“Dennis has called the middle stage of the act of painting as ‘no man’s land,’ which for him is a complex place in the evolution of his renowned panoramic landscapes of the western wilds. We read these paintings full on, that is, our vision is absorbed from left to right, as if The Clearing, 2013, like all of his work in horizontal format was a Cinemascope© production. In the deep genre of landscape painting he has identified and defined “place” according to an ethos that magnifies temporality. The nighttime oil on canvas, Dead Wood, 2013, is a picture of the Sublime that equals a moment in Cormac McCarthy’s All the Pretty Horses: "In that false blue dawn the Pleiades seemed to be rising up into the darkness above the world and dragging all the stars away, the great diamond of Orion and Capella and the signature of Cassiopeia all rising up through the phosphorous dark like a sea-net. He lay a long time listening to the others breathing in their sleep while he contemplated the wildness about him, the wildness within."
“Doug, the youngest of the four, departed Fort Worth for Los Angeles in 1984 where he has lived for the past 30 years. Citing two watercolors, Santa Monica I and II, 2012, the presence of the figures rendered in an open pictorial field, upon the bright whiteness of a veritable infinitude of beach and/or the Pacific Ocean suspends those characters in time. He has not located them with any other identifiable elements that suggest here and not there. In this way, they are universal and they are participants of no-place and no-time, despite the specificity of the titling. In this series he is not aligned with his brother’s predilection for subjects of the West or the nostalgia that they produce in their work, but his work belongs with theirs in its rightful spot in the lineage. What I see as being a shared characteristic is that their distinctiveness is imbued with a highly tangible sense of place and a deep reverence for life that gives cause to their sincere voices.”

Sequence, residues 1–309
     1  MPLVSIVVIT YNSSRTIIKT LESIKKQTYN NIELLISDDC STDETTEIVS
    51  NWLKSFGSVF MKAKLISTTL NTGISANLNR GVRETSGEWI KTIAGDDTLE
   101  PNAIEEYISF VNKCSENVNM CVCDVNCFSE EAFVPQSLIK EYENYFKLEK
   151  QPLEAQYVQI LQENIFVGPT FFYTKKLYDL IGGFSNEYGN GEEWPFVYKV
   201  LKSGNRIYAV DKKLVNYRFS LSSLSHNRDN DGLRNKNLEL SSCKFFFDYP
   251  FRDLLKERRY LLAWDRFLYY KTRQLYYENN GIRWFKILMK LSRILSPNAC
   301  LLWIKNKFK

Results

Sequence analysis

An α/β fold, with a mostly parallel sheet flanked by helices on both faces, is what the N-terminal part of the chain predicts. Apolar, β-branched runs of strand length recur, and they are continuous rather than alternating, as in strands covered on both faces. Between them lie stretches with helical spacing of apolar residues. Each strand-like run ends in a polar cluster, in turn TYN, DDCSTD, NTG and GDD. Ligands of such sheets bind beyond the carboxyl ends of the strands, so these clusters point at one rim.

Within the two studio spaces and the gardens of the gallery are new work by Artspace111 artists Alice Bateman, Michael Bane, Michelle Brandley, Danville Chadbourne, Matt Clark, Barbara Dybala, Ann Ekstrom, Pat Gabriel, Sarah Green, John Hartley, Kelli Holmes, Cindi Holt, Carol Ivey, Jill Johnson, Nancy Lamb, Leslie Lanzotti, Jim Malone, Jesus Moroles, Jo–Ann Mulroy, J.C. Pace III, Winter Rusiloski, Jo LeMay Rutledge, and Fred Spaulding.
Artspace 111 is dedicated to its vital role in the city of Fort Worth, and to making contemporary art approachable to individuals of all ages. With its sculpture and distinctive architectural character, the gallery offers a striking setting to host corporate and private events, and is also available for tours and other social gatherings. Artspace 111 is located east of Downtown Fort Worth at Hampton Street and Weatherford. The gallery is open Tuesday to Friday, 10 – 5 pm and Saturday by appointment. To schedule a private viewing, contact Margery Gossett or Margo Hudson by calling 817.692.3228 or emailing firstname.lastname@example.org.